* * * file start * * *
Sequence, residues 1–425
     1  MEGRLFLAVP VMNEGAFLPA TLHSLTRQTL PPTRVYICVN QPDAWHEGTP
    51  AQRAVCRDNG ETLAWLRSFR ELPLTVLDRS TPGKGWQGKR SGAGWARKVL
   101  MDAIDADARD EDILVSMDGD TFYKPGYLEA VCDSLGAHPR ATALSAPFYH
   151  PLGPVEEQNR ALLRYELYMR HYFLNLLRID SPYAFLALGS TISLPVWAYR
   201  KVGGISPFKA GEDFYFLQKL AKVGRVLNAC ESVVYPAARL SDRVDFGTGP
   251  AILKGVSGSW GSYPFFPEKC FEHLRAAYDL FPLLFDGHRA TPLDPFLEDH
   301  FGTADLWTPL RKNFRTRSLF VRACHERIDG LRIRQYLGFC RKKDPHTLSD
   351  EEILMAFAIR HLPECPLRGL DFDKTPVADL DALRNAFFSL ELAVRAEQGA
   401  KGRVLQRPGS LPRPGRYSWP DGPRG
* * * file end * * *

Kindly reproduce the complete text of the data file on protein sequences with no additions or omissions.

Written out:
Sequence, residues 1–425
     1  MEGRLFLAVP VMNEGAFLPA TLHSLTRQTL PPTRVYICVN QPDAWHEGTP
    51  AQRAVCRDNG ETLAWLRSFR ELPLTVLDRS TPGKGWQGKR SGAGWARKVL
   101  MDAIDADARD EDILVSMDGD TFYKPGYLEA VCDSLGAHPR ATALSAPFYH
   151  PLGPVEEQNR ALLRYELYMR HYFLNLLRID SPYAFLALGS TISLPVWAYR
   201  KVGGISPFKA GEDFYFLQKL AKVGRVLNAC ESVVYPAARL SDRVDFGTGP
   251  AILKGVSGSW GSYPFFPEKC FEHLRAAYDL FPLLFDGHRA TPLDPFLEDH
   301  FGTADLWTPL RKNFRTRSLF VRACHERIDG LRIRQYLGFC RKKDPHTLSD
   351  EEILMAFAIR HLPECPLRGL DFDKTPVADL DALRNAFFSL ELAVRAEQGA
   401  KGRVLQRPGS LPRPGRYSWP DGPRG